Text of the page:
The One Thing That Always Accompanies Bravery
Great leaders are sometimes afraid
Wednesday, June 3, 2015
Last month, I spent a day with some of my peers in the graduate program at a leadership conference called Leadercast. Sitting in a room with 1,900 other professionals from around northwest Arkansas, we listened to men and women from many different walks of leadership – politics, sports, the military, and more – give their take on bravery and how it is a fundamental trait of any great leader.
Some of the speakers were people you’d expect to be experts on bravery, like CDR Rorke Denver, a former Navy SEAL, or Malala Yousafzai, a Pakistani activist for women’s education who has survived an attempt on her life.
But I noticed a common thread running throughout the entire event.
Each one of these leaders has been afraid.
Very afraid. Afraid of failure, afraid of criticism, or even afraid for their life.
Andy Stanley, lead pastor of Northpoint Community Church in Atlanta gave a few myths we tend to believe about bold leadership. Here’s one: bold leadership is reserved for fearless people.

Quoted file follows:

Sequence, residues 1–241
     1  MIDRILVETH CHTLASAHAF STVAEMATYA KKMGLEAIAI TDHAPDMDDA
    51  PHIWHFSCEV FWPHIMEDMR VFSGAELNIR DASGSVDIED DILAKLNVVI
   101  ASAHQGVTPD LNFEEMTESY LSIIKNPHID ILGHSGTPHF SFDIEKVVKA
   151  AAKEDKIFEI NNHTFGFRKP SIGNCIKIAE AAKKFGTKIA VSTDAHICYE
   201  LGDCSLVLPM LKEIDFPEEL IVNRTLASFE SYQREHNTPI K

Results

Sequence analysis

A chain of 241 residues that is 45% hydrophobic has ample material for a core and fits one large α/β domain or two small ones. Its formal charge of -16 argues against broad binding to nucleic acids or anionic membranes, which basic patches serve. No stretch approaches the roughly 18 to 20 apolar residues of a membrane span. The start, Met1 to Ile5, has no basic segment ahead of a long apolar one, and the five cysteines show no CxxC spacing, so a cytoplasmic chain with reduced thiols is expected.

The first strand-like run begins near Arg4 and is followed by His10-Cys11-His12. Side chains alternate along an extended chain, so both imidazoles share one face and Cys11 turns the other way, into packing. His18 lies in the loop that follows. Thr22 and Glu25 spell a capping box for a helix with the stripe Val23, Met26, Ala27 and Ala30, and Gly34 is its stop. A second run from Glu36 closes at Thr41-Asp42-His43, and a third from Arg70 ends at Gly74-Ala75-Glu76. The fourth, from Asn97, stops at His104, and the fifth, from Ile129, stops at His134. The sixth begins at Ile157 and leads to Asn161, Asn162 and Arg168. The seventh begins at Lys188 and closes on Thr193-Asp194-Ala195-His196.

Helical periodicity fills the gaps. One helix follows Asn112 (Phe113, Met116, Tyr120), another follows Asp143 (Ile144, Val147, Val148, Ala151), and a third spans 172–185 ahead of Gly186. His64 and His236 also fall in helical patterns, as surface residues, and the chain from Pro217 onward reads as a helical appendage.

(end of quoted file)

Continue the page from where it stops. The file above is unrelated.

There are a couple of reasons that isn’t true. First, as Stanley comically points out, all the fearless people are dead.
CDR Denver gives us the second: “The counterpoint to bravery is fear. They don’t exist without each other.” In other words, fear is a prerequisite for bravery. It’s a matter of what you choose to do when faced with fear that counts.
So how do you “become brave” in response to fear? I don’t have the full answer to that question, but CDR Denver gives us this helpful insight.
Bravery isn’t a solo experience.
As I was sitting at this conference, I had pictures in my head of these great leaders doing big things all by themselves. Somehow they had the courage to step forward and face what many of us would be afraid of.
But now I realize that I wasn’t seeing the whole picture. Behind each one of these leaders was a group of friends, mentors, and advocates encouraging them to press on.
This changed my perspective on bravery. I thought that bravery came totally from within. Now I know that it comes mostly from without and that the key to acting with bravery in my life is surrounding myself with people who encourage me to take bold action in the face of fear.
MS in Leadership and Ethics Student